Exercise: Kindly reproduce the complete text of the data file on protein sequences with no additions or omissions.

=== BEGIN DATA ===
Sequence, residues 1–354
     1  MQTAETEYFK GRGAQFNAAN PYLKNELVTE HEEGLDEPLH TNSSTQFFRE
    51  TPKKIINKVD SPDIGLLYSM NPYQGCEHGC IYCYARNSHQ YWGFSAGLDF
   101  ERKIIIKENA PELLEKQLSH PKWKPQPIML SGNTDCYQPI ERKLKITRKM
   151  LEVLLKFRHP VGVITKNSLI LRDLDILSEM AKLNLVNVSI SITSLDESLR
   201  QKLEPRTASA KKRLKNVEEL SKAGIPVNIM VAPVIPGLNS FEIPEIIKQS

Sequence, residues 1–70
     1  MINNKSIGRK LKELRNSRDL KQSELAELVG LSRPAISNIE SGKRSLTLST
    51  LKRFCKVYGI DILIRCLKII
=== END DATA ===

Sequence, residues 1–354
     1  MQTAETEYFK GRGAQFNAAN PYLKNELVTE HEEGLDEPLH TNSSTQFFRE
    51  TPKKIINKVD SPDIGLLYSM NPYQGCEHGC IYCYARNSHQ YWGFSAGLDF
   101  ERKIIIKENA PELLEKQLSH PKWKPQPIML SGNTDCYQPI ERKLKITRKM
   151  LEVLLKFRHP VGVITKNSLI LRDLDILSEM AKLNLVNVSI SITSLDESLR
   201  QKLEPRTASA KKRLKNVEEL SKAGIPVNIM VAPVIPGLNS FEIPEIIKQS

Sequence, residues 1–70
     1  MINNKSIGRK LKELRNSRDL KQSELAELVG LSRPAISNIE SGKRSLTLST
    51  LKRFCKVYGI DILIRCLKII